More than eight out of 10 Koreans living in the United States expressed a need for the unification of the divided Korean Peninsula, a survey showed Monday.
According to a poll by the Overseas Koreans Foundation carried out on 676 Korean-Americans, 81.5 percent of them expressed the need for Korean unification, while 15.8 percent said unification is not necessary. Only 2.7 percent said they are not interested in reunification.
The foundation is a South Korean government agency tasked with supporting millions of Koreans living outside of South Korea. The survey was conducted by the private Inter-Korean Economic Research Institute during July and August last year at the request of the foundation.
As for the need for the Korean unification, 40.7 percent replied that the two countries should become one because Koreans live in the two countries, while 26.3 percent said that Korean unification will help South Korea make the next leap forward. A further 10.8 percent said it will improve human rights.
Other reasons cited for the need of unification are to reduce military clashes, which made up 10.2 percent of the responses, and to alleviate the pains of separated families between the two Koreas, which stood at 9.6 percent.
China was cited as the most influential country in regards to Korean unification with 51.2 percent of those polled sharing this position, followed by the U.S. with 35.6 percent, Japan with 6.7 percent and Russia with 4.5 percent.
If North Korea's Kim Jong-un regime collapses, 29.5 percent of respondents guessed that another Communist regime would be established in the North with China's intervention.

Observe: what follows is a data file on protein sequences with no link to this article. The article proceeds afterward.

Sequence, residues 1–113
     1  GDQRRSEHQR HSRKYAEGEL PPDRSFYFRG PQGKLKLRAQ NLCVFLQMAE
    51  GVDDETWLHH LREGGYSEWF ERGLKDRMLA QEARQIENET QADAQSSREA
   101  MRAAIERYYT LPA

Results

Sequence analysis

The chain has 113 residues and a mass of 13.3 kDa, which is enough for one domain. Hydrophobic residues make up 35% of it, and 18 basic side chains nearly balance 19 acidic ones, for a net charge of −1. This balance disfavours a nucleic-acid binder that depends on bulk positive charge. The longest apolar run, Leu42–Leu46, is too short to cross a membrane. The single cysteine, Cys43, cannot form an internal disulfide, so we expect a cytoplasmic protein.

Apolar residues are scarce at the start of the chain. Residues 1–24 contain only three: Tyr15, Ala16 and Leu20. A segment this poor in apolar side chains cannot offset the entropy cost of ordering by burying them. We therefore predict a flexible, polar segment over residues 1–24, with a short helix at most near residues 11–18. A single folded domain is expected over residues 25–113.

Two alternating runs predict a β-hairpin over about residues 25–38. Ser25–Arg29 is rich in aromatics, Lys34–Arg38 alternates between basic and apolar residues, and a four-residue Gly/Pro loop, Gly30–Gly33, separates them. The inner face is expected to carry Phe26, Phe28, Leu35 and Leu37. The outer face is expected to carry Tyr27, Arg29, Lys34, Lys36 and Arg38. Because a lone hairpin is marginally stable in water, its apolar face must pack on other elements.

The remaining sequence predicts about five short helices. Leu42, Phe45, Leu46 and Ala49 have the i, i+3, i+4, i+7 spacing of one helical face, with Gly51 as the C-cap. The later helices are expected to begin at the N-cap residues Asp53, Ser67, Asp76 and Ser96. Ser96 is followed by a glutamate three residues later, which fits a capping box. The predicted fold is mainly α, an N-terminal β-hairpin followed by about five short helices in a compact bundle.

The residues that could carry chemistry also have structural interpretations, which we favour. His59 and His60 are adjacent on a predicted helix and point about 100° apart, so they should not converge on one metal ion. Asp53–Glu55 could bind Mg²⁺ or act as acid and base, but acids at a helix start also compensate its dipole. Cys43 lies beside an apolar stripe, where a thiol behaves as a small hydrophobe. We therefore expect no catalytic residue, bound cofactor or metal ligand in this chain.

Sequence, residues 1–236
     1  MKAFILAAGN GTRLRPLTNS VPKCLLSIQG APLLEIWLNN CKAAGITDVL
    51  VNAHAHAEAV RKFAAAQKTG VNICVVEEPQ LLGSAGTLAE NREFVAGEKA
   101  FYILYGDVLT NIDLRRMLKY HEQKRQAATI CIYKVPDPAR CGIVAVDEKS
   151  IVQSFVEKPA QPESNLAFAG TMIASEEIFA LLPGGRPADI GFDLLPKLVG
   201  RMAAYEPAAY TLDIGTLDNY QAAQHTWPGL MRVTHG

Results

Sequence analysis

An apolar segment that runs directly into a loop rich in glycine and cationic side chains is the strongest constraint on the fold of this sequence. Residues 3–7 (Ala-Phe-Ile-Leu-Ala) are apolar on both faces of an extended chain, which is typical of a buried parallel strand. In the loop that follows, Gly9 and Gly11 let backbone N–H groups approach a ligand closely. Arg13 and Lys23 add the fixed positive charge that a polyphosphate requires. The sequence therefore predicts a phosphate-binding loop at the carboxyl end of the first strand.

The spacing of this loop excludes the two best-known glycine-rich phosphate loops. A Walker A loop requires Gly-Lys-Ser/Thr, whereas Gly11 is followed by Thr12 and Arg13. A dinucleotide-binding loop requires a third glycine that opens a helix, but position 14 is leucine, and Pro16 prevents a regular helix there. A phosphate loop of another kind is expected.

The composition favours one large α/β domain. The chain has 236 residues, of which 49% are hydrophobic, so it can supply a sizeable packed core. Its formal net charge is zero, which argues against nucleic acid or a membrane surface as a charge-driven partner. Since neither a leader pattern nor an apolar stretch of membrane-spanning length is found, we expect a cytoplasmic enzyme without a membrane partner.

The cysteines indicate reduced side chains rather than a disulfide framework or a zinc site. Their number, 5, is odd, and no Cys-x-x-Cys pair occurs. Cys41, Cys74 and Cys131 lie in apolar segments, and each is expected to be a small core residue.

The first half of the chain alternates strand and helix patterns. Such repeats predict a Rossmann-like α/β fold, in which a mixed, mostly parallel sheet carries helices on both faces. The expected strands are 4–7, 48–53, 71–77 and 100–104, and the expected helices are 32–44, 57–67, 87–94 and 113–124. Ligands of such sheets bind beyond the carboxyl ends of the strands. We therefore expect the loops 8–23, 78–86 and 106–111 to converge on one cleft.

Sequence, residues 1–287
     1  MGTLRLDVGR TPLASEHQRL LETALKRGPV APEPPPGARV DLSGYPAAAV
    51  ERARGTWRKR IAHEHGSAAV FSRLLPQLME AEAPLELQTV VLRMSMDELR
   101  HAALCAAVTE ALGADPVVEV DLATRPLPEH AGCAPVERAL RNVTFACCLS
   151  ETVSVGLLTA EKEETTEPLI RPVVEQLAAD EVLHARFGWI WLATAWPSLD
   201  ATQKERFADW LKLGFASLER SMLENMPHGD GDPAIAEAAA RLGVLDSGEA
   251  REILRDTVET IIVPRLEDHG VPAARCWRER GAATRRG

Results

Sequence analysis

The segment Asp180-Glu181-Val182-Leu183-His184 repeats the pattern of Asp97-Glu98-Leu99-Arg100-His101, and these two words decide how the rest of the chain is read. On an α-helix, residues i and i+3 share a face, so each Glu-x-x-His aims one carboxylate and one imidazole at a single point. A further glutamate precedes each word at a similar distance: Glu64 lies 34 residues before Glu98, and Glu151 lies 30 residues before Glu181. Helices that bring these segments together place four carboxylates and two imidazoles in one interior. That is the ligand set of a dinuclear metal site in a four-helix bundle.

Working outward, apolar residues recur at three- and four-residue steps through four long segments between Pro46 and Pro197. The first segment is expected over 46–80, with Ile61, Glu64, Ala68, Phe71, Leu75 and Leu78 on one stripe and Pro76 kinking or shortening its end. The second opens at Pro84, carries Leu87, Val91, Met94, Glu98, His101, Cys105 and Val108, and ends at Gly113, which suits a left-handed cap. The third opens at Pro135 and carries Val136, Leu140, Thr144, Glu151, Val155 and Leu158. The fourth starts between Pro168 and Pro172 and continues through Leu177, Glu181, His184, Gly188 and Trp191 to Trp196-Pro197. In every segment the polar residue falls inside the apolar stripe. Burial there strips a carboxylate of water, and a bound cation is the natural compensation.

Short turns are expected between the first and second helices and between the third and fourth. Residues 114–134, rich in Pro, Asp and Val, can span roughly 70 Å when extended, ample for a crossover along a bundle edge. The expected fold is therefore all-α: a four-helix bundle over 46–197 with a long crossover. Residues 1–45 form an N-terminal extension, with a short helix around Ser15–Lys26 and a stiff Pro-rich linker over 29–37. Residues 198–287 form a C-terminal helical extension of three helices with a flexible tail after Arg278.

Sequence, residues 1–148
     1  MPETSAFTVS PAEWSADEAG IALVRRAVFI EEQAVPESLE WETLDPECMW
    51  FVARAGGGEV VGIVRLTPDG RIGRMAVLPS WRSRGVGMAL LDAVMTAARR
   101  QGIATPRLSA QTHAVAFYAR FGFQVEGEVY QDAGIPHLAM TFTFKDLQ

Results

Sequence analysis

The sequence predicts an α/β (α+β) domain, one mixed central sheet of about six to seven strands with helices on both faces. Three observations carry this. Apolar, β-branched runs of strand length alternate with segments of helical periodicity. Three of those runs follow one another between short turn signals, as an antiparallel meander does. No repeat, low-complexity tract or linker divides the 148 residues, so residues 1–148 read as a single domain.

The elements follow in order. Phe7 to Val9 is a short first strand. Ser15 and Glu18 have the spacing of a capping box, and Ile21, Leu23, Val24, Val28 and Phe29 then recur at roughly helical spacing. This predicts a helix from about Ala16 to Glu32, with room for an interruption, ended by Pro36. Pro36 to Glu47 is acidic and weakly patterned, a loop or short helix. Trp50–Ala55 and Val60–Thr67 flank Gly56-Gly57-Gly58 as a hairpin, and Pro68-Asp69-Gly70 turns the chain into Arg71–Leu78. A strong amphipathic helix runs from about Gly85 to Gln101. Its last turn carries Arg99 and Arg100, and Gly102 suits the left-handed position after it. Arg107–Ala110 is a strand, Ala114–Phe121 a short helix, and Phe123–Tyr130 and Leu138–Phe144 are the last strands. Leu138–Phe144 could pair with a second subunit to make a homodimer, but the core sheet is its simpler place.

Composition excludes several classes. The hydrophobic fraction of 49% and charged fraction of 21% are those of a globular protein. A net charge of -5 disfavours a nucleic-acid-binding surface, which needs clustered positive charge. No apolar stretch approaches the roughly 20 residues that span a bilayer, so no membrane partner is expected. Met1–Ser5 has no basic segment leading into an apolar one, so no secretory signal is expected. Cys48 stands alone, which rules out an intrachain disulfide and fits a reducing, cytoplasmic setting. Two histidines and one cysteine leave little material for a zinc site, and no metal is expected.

However, 22.6 percent of them said that Korean unification will be realized by South Korea taking the lead.
Some 20.2 percent replied that collective leadership will be established like past cases in the Soviet Union and China. Some
17.7 percent said other family members of Kim Jong-un, such as his brothers Kim Jong-nam or Kim Jong-chol, will take over power.
The latest tally showed that 79.5 percent said South Korea will see more development through unification, while just 20.6 percent answered that the country could run into difficulties.
The gap between the affluent South and poor North was cited as the biggest stumbling block to unification with 41.6 percent expressing such fears, followed by ideological conflicts with 28.8 percent. The poll showed that unification could cause a rise in crime and regional conflicts, and 3 percent said that there may be more taxes.
Nevertheless, most Korean-Americans were upbeat about inter-Korean relations with more than 60 percent anticipating improvements, while merely 6 percent saw the future negatively.
On the question of the roles of Korean-Americans for Korean unification, they cited the need to offer more support to the Seoul government's unification policy and diplomatic efforts. They said Koreans living in the U.S. can also do more to improve the human rights situation in North Korea. (Yonhap)